Keywords: Hazel Ratliff; Hospital administrators; Hospital shifts; Hospital supervisors; Lee D. Keene; Luther James; Minnie Carol; Ms. Vickers; Pikeville Methodist Hospital; Union cards; Union membership; Union organizing

Subjects: Labor unions; Picketing; Strikebreakers; Strikes and lockouts--Kentucky; Women political activists

00:23:19 - Walking the picket line / Public support

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Partial Transcript: So what happens to you then, over the next few days? What starts happening?

Segment Synopsis: Meade describes her experiences walking the picket line. She would usually pull picket duty during the night shift. Meade recalls walking up and down the line, talking, eating, and cooking while on picket duty. Her most vivid memory was of how nice some of the public was to the picketers; many would bring food to support them.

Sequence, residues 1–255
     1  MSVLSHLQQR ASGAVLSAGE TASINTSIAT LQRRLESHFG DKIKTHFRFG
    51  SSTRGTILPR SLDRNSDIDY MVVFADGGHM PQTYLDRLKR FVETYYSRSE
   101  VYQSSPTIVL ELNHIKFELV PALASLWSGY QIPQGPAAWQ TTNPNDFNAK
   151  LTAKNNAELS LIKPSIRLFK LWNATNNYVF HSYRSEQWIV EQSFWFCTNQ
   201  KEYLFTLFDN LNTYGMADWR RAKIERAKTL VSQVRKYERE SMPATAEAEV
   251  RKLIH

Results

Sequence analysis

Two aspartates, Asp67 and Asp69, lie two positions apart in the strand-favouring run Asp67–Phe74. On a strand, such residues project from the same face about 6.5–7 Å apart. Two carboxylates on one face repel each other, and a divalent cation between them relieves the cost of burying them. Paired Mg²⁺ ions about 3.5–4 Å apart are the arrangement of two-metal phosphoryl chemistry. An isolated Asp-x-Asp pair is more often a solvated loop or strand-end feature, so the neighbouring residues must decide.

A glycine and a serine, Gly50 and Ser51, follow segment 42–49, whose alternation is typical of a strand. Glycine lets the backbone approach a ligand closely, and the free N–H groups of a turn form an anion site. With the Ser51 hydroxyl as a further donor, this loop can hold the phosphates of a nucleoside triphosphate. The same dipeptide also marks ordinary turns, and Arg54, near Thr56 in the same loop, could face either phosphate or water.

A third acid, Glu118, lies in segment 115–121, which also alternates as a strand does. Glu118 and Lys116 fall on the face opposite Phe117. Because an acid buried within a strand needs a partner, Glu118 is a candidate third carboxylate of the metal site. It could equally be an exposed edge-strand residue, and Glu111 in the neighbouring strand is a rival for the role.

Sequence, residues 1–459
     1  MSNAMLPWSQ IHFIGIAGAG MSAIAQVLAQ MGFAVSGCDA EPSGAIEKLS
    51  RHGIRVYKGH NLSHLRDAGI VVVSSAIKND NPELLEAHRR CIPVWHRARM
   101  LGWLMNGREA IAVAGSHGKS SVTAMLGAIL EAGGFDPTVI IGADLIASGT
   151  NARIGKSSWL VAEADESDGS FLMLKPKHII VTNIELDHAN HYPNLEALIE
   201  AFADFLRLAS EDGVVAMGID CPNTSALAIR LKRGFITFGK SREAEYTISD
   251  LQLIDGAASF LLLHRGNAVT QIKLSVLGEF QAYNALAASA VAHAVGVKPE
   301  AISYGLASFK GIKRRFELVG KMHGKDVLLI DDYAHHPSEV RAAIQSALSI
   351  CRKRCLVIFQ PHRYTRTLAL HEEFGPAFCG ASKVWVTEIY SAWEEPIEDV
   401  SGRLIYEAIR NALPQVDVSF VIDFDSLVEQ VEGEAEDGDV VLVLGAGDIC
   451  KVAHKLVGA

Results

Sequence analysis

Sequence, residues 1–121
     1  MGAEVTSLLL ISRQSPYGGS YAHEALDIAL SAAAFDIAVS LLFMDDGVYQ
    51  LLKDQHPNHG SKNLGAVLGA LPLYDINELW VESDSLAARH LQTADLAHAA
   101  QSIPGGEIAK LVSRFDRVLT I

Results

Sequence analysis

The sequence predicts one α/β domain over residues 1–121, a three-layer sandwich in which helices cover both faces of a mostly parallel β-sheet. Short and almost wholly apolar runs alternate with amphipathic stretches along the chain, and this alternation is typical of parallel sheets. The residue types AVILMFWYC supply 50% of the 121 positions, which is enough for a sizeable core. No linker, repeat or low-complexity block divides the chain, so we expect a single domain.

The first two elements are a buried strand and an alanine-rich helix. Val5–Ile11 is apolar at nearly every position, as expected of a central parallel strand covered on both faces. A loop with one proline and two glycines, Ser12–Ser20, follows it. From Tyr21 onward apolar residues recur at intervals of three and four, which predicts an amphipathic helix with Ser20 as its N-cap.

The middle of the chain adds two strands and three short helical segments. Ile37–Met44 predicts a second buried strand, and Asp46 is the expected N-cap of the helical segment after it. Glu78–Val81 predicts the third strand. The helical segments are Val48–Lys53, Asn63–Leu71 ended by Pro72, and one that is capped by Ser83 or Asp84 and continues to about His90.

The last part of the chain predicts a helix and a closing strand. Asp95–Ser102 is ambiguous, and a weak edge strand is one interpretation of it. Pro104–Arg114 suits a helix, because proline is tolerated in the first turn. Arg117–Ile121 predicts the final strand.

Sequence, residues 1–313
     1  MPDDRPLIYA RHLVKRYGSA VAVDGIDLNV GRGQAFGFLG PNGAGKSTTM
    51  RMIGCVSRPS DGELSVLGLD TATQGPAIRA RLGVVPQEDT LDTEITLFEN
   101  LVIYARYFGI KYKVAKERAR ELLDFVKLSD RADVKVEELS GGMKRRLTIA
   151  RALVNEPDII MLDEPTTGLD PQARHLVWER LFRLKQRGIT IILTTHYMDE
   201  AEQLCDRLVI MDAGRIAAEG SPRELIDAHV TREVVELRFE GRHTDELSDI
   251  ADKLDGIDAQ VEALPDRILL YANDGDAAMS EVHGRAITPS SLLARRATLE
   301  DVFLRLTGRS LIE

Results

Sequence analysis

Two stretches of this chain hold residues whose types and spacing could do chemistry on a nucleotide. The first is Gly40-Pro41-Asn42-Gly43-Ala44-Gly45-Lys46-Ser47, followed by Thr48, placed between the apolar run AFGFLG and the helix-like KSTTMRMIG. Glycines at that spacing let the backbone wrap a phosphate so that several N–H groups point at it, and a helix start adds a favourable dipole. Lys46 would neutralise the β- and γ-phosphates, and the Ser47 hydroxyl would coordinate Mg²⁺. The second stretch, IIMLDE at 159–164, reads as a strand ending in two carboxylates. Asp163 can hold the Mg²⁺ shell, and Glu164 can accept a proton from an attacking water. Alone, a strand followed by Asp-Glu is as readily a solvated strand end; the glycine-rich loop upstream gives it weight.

Keywords: Hospital administrators; Labor unions; Night shifts; Picket line duty; Picket lines; Pikeville Methodist Hospital; Public support; United Methodist Hospital

Subjects: Communities; Cooking; Picketing; Strikes and lockouts--Kentucky; Women political activists

00:26:34 - Picketing Methodist churches in Jackson and Louisville, Kentucky

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Partial Transcript: T, tell me about your trips, where you went.

Segment Synopsis: Meade describes going on trips to gather support for their strike on the Pikeville Methodist Hospital. She describes one trip to Jackson, Kentucky where they set up a picket line in front of a Methodist church. They stayed for several days in Jackson, where they picketed outside of meetings, and they were able to go inside to one meeting. They hoped to persuade the Methodists to take their side in the strike and convince the hospital to make a better deal with the workers.

Keywords: Lonnie Daniels; Minnie Carol; Nancy Lee Fields; Phyllis Cummins; Pikeville Methodist Hospital; Posters; Preachers; Public support; United Methodist Church headquarters; United Methodist churches

Subjects: Jackson (Ky.); Louisville (Ky.); Picketing; Strikes and lockouts--Kentucky; Women political activists